On the discharge stroke of the pumping member 43, the inlet check valve 35 closes and the outlet check valve 37 opens. During the discharge stroke, the inertia of the water column in the line or conduit (not shown) to which the inlet 15 is coupled supplies water to the expandable chamber 71, compresses the compressible gas in the sealed chambers 75 and 75a, and expands the expandable chamber 71. Also on the discharge stroke, the water is forced under pressure from the pumping chamber 31 through the grooves 91 (FIGS. 2 and 6), the outlet check valve 37 and the region 81a to the outlet 17. Simultaneously, water under pressure is forced into the expandable chamber 73 (FIGS. 3 and 5) to expand the expandable chamber 73 and compress the compressible gas in the sealed chambers 75b and 75c. On the next intake stroke, the compressible gas in the sealed chambers 75b and 75c expands to shrink the expandable chamber 73 and force the water out of the expandable chamber 73 and into the outlet 17. This tends to maintain a constant flow of water from the outlet 17.
It should be noted that the expandable chambers 71 and 73 are above the diaphragm 33 and that these chambers contain water. The actuator 29 is also above the diaphragm closely adjacent the expandable chambers 71 and 73. Thus, the water being pumped inherently cools the actuator 29.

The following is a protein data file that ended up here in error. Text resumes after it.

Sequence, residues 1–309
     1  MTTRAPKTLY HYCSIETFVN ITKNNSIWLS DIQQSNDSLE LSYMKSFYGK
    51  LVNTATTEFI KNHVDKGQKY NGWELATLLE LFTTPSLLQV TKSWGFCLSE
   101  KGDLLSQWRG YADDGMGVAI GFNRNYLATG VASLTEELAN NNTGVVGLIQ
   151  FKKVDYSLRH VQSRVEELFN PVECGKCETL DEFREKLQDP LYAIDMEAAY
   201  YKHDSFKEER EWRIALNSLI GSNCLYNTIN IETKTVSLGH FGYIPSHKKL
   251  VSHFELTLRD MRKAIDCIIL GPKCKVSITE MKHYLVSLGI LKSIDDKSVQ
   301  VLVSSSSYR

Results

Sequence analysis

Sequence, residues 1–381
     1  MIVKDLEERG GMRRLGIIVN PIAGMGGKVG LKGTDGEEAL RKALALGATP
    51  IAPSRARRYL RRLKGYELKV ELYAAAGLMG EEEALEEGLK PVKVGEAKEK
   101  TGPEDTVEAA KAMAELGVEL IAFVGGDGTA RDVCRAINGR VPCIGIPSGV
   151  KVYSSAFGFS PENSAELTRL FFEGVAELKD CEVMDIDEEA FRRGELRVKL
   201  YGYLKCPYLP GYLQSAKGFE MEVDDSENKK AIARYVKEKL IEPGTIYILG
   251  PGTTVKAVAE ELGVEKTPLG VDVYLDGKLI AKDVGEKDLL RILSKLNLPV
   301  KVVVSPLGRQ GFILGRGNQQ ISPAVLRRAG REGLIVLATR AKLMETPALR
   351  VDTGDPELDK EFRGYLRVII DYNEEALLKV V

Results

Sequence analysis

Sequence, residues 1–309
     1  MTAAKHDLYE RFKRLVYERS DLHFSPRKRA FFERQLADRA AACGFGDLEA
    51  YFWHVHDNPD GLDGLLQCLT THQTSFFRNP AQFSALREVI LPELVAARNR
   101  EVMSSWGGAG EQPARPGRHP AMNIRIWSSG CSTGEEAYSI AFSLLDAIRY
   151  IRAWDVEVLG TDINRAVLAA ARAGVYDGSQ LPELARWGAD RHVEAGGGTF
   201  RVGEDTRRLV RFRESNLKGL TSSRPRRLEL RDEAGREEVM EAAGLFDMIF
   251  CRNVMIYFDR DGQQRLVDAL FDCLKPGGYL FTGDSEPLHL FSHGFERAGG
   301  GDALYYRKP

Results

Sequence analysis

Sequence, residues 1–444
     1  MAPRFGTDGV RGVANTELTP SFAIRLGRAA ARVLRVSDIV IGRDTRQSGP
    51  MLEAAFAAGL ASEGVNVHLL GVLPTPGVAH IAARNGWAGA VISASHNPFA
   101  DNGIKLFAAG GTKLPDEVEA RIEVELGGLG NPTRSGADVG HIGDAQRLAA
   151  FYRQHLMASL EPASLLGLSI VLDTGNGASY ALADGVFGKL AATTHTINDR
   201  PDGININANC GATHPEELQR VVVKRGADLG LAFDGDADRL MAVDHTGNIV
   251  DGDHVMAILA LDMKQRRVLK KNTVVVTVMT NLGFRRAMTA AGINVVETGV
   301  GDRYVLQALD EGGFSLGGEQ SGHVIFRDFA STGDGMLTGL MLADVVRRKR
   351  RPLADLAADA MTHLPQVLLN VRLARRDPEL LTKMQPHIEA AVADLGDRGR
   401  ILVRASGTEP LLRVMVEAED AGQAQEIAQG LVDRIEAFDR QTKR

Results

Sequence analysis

FIG. 4 shows a pump 27' which is identical to the pump 27 in all respects not specifically shown or described herein. Portions of the pump 27' corresponding to portions of the pump 27 are designated by corresponding primed reference characters.
The pump 27' is substantially identical to the pump 27, except for the construction of the check valves. The pump 27' has an outlet check valve 37' which comprises a spring 201, a flexible annular section 203, and a valve seat 205 formed integrally with the housing section 23. The spring 201 biases the annular section 203 against the valve seat 205. On the discharge stroke of the pumping member 43', water is forced from the pumping chamber 31' through the grooves 91' and against the lower face of the annular section 203. This water pressure is sufficient to lift the flexible annular section 203 against the biasing action of the spring 201 to open the check valve 37' and allow the water to flow through the outlet 17'. Either or both of the inlet check valve and the outlet check valve may be constructed as shown in FIG. 4.
Although exemplary embodiments of the invention have been shown and described, many changes, modifications and substitutions may be made by one having ordinary skill in the art without necessarily departing from the spirit and scope of this invention.
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|U.S. Classification||417/413.1, 417/542, 417/566, 417/560|